The York agriculturalists, however, achieved something. They had directed the attention of the settlers toward the importation of convicts as a way out of their difficulties, and from that time, though strenuous opposition continued to be manifested, the advocates of convict labour steadily gained ground.
In 1845, no less than three memorials were circulated requesting the establishment of a penal colony in Western Australia. Two of them were aborted, but the third resulted in a petition by the York Agricultural Society to the Legislative Council on the subject. The York Agricultural Society, which consisted mostly of pastoralists, argued that the colony's economy was on the brink of collapse due to an extreme shortage of labour. Pamela Statham has examined these claims, and found that the colony was in fact oversupplied with labour at the time, the main obstacles to progress being a shortage of money capital, and the lack of markets for the colony's produce. Only in the pastoral sector was there a severe labour shortage. The York Agricultural Society can therefore be seen as an influential lobby group representing the interests of a small but influential minority.
the necessity for such an application is not apparent. No dearth of labour can be so extreme as to call for, or to warrant our having recourse to, such a hazardous experiment for a supply.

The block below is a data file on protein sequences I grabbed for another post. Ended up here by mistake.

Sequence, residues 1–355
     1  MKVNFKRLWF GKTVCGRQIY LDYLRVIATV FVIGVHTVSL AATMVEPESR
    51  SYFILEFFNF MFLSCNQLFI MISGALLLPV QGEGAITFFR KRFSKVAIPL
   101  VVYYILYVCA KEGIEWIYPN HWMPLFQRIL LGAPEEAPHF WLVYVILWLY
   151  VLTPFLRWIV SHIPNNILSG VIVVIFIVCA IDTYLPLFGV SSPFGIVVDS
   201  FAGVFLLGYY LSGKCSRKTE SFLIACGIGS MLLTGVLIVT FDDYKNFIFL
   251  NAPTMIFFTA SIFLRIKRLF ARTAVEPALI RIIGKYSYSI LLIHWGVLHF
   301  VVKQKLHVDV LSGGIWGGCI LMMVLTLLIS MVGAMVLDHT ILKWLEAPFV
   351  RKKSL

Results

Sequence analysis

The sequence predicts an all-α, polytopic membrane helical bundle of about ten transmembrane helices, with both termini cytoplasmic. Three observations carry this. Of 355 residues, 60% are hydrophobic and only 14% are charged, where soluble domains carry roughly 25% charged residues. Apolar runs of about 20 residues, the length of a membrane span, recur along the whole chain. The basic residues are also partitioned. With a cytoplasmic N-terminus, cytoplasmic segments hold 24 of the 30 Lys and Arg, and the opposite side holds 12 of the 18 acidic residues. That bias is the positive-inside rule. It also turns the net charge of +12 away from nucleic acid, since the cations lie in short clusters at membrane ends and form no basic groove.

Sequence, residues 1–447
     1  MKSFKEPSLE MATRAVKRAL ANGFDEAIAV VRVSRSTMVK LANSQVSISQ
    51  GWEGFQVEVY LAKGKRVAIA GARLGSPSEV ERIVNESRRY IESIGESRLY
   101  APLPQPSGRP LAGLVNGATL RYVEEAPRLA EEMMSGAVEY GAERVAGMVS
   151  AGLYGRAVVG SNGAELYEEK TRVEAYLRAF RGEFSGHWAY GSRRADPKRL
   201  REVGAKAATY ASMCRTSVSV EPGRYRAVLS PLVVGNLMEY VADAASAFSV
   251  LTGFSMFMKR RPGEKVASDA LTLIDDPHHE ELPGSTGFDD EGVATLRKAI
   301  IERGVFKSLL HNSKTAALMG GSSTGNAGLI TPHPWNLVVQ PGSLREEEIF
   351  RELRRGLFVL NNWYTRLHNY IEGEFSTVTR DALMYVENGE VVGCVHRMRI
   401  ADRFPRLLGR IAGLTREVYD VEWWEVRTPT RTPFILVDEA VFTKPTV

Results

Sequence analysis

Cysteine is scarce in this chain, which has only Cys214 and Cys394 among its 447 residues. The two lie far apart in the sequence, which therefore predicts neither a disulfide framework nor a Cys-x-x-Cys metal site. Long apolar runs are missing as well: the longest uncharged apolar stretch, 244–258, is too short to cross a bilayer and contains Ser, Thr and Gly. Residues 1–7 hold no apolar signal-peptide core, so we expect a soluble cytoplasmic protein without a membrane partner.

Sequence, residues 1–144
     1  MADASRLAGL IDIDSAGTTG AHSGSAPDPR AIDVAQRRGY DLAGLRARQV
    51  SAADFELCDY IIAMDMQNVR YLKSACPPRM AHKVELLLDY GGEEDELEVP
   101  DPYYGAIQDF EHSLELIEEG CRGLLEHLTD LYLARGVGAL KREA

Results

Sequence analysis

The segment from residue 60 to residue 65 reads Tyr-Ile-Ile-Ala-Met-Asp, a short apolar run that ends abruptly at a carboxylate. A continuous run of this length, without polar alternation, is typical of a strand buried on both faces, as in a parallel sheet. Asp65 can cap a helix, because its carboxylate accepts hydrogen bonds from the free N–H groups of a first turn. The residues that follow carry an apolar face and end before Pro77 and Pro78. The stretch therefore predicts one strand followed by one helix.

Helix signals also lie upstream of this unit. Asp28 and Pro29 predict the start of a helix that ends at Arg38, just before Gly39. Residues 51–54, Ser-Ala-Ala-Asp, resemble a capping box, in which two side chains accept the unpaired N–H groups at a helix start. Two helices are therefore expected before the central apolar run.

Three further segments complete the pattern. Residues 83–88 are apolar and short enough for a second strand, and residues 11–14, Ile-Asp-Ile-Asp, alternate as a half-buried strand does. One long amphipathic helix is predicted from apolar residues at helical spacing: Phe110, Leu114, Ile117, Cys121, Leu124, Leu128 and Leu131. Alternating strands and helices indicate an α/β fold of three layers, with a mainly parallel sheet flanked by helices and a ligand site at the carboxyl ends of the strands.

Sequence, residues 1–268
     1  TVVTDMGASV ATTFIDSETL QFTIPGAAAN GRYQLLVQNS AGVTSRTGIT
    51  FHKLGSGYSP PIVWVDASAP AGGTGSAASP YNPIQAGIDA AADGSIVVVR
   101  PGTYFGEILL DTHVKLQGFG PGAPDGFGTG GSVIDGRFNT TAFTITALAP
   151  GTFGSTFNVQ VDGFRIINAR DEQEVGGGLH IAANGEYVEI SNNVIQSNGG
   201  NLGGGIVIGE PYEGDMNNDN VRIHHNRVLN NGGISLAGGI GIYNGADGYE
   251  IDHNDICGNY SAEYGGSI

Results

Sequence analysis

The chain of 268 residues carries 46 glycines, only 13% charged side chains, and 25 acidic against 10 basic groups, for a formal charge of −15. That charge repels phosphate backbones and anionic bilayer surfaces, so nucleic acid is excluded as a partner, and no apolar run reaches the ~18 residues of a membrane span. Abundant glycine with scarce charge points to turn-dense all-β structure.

Over the following two years, however, the membership of the Council changed substantially. Three new members, Thomas Yule, Edward Barrett-Lennard and Rivett Henry Bland, were pro-convict pastoralists, giving the pastoralists a significant representation in Council. During 1846, the York Agricultural Society began circulating yet another petition. This petition appears to have convinced a substantial proportion of the colony of the merits of becoming a penal settlement. It obtained many signatures, and a number of newspapers began to support the idea.[broken footnote] The petition was debated by the Legislative Council in July and August 1847; it was rejected, but forwarded to the British Colonial Office nonetheless. To address some of the problems raised by the petition, the Legislative Council took a number of decisions, one of which was to ask the British government to send out a small number of convicts for a limited term.